July 19, 2008
Stroke Specialists Connect Via Video
By Stephen J. Pytak, Republican & Herald, Pottsville, Pa.
Jul. 19--For stroke vicims, time lost is brain lost.
"There are treatments available for stroke, but they can only be given very quickly. When a person is having a stroke and they can come to the (Pottsville Hospital) emergency room in a quick manner, they can be treated aggressively and we can reverse the stroke," Felberg said at a press conference at Pottsville Hospital Wednesday morning.
A stroke occurs when a blood vessel that carries blood and oxygen to the brain is either blocked by a clot or the vessel bursts, starving the brain of precious nutrients and killing the tissue.
About 85 percent of strokes are created by blood clots. But not all of these patients recognize the symptoms and get to the hospital in time to treat the problem, Felberg said.
Dr. Jeffrey J. Narmi, Pottsville Hospital's medical director of emergency services, said traditional warning signs include sudden numbness, weakness or paralysis of the face, arm or leg, difficulty speaking, decreased vision, blindness in one eye, double vision or sudden, severe headaches.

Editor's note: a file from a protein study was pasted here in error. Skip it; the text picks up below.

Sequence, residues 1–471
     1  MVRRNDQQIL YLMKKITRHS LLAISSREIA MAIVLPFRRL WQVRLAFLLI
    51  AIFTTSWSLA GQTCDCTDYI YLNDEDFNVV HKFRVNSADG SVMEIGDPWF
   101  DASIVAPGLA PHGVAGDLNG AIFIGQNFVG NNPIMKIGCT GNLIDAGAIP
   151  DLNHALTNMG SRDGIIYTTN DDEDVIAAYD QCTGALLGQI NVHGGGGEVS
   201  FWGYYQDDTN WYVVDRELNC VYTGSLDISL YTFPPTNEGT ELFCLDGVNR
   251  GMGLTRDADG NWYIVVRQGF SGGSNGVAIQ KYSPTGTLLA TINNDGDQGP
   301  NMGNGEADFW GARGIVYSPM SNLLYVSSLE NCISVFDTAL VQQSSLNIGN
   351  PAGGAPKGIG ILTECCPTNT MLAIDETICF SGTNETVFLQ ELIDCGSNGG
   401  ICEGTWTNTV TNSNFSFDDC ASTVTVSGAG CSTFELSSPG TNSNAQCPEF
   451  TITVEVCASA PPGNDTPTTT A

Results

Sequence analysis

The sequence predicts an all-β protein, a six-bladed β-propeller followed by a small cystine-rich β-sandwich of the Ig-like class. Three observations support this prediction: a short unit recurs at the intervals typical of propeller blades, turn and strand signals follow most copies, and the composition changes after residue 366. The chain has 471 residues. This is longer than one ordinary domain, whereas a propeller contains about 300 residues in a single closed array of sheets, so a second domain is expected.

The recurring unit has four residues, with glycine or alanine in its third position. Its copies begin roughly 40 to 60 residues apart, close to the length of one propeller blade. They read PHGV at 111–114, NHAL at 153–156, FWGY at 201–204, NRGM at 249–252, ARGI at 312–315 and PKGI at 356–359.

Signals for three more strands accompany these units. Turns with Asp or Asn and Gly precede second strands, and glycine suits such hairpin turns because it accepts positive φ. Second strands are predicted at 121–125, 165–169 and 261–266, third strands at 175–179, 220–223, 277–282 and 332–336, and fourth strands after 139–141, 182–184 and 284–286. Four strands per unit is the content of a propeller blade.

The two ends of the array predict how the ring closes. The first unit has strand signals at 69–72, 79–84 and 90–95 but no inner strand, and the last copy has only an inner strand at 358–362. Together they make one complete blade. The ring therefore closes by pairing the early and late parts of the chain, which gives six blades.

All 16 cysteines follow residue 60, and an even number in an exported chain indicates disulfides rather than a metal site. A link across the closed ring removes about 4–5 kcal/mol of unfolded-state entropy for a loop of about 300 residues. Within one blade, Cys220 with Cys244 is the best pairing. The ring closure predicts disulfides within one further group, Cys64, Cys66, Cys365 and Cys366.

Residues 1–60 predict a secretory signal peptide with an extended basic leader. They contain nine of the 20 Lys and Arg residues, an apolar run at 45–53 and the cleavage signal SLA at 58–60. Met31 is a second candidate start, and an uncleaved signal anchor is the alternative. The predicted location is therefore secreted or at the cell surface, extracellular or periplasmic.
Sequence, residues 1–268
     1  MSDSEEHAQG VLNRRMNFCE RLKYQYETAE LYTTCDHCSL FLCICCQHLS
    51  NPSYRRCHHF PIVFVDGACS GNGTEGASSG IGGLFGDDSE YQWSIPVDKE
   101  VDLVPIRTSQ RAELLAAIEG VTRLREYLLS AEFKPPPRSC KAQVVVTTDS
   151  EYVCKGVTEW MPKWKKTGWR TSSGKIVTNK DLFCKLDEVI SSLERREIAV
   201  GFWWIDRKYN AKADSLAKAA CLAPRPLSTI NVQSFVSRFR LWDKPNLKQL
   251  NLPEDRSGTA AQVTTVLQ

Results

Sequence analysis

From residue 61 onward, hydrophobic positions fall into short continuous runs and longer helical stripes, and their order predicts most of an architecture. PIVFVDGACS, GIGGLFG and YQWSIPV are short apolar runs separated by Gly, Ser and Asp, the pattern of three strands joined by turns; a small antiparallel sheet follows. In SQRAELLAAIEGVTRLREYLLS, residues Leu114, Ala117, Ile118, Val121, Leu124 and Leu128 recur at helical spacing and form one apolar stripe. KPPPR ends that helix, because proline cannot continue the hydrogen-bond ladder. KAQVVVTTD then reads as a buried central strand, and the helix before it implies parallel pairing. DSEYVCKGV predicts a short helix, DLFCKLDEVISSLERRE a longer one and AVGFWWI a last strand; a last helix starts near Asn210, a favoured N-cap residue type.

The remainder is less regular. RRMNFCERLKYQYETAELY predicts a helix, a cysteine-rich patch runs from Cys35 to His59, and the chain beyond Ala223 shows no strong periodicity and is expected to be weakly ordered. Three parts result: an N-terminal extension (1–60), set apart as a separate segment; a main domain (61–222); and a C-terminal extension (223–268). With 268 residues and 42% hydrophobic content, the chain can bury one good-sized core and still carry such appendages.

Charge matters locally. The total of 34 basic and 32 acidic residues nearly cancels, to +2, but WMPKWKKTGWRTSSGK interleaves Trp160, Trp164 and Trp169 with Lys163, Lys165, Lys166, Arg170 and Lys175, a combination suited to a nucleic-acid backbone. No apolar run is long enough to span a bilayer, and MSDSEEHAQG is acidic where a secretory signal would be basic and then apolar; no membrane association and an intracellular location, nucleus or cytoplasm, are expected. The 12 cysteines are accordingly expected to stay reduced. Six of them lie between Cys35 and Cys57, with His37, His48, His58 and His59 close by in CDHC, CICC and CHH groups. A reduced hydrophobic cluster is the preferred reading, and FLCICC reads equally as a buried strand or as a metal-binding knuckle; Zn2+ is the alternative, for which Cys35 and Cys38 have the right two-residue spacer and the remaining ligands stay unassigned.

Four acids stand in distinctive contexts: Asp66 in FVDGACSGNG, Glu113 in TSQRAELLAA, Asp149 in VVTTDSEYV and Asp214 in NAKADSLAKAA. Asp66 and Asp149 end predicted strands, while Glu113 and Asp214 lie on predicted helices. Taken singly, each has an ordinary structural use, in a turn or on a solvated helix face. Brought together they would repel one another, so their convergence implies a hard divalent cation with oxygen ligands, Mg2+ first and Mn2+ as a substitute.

Doctors can administer a medication called TPA to break up blood clots that block blood flow to the brain, but only within a six-hour window, Felberg said.
"The expertise available to give this drug is not that widespread. There's only a number of specialists out there who can give this medication," Felberg said.
Through the telestroke program, Geisinger specialists can evaluate patients at Pottsville Hospital, review brain scans and work with Pottsville Hospital emergency department physicians to provide the best acute stroke care, said Michael Peckman, Pottsville Hospital's public relations director.
Pottsville Hospital treats about 300 stroke patients a year, and with quick intervention from Geisinger, a stroke center certified by the Joint Commission, it's possible more lives can be saved, said Narmi.
"We'd be saving lives and also reducing disability of people who have had strokes," Felberg said.
Telemedicine is becoming a trend in Schuylkill County. In November 2007, Good Samaritan Regional Medical Center, Pottsville, officially became the first medical facility in Pennsylvania to use a teletrauma system, linked to Lehigh Valley Hospital and Health Network, said Michelle H. Canfield, Good Samaritan's community relations director.
This is Geisinger's first telestroke venture, but Felberg said Geisinger is planning to establish telestroke programs with Tyler Memorial Hospital, Tunkhannock, and Shamokin Area Community Hospital.
"It's really becoming a standard in care," Narmi said.
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